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Nucl Med Biol. 2009 Feb;36(2):171-81. doi: 10.1016/j.nucmedbio.2008.11.005.

In vitro and in vivo analysis of [(64)Cu-NO2A-8-Aoc-BBN(7-14)NH(2)]: a site-directed radiopharmaceutical for positron-emission tomography imaging of T-47D human breast cancer tumors.

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  • 1Department of Radiology, University of Missouri School of Medicine, Columbia, MO 65211, USA.

Abstract

INTRODUCTION:

Human breast cancer, from which the T-47D cell line was derived, is known to overexpress the gastrin-releasing peptide receptor (GRPR) in some cases. Bombesin (BBN), an agonist for the GRPR, has been appended with a radionuclide capable of positron-emission tomography (PET) imaging and therapy. (64)Cu-NO2A-8-Aoc-BBN(7-14)NH(2) (NO2A=1,4,7-triazacyclononane-1,4-diacetate) has produced high-quality microPET images of GRPR-positive breast cancer xenografted tumors in mice.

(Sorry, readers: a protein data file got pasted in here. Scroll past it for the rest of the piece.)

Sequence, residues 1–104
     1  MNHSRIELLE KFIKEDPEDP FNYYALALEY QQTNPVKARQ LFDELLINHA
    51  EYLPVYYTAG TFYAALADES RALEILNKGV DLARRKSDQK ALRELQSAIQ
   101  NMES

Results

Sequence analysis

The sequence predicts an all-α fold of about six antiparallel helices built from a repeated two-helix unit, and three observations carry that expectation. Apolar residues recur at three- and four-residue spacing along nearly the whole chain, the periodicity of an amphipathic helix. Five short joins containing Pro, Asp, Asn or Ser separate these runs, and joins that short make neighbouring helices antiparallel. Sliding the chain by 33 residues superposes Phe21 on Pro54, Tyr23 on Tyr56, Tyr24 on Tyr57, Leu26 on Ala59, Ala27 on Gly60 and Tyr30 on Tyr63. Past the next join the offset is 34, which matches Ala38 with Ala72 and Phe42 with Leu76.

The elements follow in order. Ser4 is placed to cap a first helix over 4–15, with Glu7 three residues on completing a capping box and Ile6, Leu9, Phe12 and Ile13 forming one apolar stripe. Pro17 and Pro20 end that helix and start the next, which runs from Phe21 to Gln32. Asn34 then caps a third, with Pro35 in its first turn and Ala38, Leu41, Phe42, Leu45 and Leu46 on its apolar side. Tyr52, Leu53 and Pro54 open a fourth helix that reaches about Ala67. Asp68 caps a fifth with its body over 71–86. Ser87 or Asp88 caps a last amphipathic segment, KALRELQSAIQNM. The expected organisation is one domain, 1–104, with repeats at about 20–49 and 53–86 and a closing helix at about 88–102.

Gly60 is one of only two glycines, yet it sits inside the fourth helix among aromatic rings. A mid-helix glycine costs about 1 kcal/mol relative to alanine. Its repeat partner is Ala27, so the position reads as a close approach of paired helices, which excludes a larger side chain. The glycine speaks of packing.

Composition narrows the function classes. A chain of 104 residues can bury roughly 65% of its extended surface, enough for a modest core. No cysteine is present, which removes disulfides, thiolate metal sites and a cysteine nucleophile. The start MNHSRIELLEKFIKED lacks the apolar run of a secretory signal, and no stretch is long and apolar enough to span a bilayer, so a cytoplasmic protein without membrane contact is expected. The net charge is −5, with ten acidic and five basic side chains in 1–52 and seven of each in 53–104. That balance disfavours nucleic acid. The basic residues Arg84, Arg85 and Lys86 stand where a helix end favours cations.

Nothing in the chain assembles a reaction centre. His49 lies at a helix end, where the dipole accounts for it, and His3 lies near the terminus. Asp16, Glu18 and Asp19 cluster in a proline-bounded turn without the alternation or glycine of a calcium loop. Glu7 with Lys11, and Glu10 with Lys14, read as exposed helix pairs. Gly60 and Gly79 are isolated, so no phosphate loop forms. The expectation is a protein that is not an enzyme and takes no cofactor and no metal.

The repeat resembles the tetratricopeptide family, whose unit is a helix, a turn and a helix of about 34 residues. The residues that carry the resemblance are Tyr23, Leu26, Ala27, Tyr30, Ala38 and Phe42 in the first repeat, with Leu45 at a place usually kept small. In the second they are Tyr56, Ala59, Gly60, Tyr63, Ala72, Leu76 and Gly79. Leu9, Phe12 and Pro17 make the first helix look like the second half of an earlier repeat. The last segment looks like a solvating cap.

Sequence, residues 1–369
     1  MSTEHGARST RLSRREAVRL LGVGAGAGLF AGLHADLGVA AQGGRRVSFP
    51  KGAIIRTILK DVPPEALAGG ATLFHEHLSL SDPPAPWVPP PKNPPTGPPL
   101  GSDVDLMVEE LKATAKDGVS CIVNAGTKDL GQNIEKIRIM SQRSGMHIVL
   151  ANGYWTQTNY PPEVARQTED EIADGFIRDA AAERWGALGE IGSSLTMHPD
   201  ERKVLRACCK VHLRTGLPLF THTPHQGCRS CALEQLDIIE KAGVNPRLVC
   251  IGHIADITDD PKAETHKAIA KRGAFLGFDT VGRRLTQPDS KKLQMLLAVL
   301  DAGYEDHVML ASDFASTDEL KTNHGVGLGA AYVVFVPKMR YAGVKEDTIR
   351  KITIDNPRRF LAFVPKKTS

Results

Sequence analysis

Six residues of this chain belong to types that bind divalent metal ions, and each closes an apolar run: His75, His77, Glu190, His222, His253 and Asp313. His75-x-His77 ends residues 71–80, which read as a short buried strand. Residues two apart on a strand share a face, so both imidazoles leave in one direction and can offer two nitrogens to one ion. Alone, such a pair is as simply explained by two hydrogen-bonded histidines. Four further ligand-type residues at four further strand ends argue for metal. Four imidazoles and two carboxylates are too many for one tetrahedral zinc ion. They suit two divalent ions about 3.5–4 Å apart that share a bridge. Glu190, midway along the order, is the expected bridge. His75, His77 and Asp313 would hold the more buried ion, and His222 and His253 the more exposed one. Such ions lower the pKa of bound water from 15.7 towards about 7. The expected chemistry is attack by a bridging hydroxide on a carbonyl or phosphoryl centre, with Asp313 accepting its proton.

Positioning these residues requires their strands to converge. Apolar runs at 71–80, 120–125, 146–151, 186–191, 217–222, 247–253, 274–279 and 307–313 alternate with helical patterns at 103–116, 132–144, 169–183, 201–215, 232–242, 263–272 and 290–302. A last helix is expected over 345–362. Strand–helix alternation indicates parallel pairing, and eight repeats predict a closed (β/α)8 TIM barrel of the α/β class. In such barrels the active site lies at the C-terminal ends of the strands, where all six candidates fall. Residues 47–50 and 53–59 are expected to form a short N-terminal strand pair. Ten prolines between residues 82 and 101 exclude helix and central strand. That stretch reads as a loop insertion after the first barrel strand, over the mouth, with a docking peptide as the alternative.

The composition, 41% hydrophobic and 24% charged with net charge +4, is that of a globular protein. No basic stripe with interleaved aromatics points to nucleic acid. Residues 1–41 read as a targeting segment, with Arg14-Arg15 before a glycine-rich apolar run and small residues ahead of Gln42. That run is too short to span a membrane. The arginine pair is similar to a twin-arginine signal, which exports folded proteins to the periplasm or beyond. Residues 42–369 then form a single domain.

METHODS:

The imaging probe was synthesized by solid-phase peptide synthesis followed by manual conjugation of the 1,4,7-triazacyclononane-1,4,7-triacetic acid (NOTA) bifunctional chelator and radiolabeling in aqueous solution. The radiolabeled conjugate was subjected to in vitro and in vivo studies to determine its specificity for the GRPR and its pharmacokinetic profile. A T-47D tumor-bearing mouse was imaged with microPET/CT and microMRI imaging.

RESULTS:

The (64)Cu-NO2A-8-Aoc-BBN(7-14)NH(2) targeting vector was determined to specifically localize in GRPR-positive tissue. Accumulation was observed in the tumor in sufficient quantities to allow for identification of tumors in microPET imaging procedures. For example, uptake and retention in T-47D xenografts at 1, 4 and 24 h were determined to be 2.27+/-0.08, 1.35+/-0.14 and 0.28+/-0.07 % ID/g, respectively.

CONCLUSIONS:

The (64)Cu-NO2A-8-Aoc-BBN(7-14)NH(2) produced high-quality microPET images. The pharmacokinetic profile justifies investigation of this bioconjugate as a potentially useful diagnostic/therapeutic agent. Additionally, the bioconjugate would serve as a good starting point for modification and optimization of similar agents to maximize tumor uptake and minimize nontarget accumulation.

PMID:
19217529
[PubMed - indexed for MEDLINE]
PMCID:
PMC2756974
Free PMC Article
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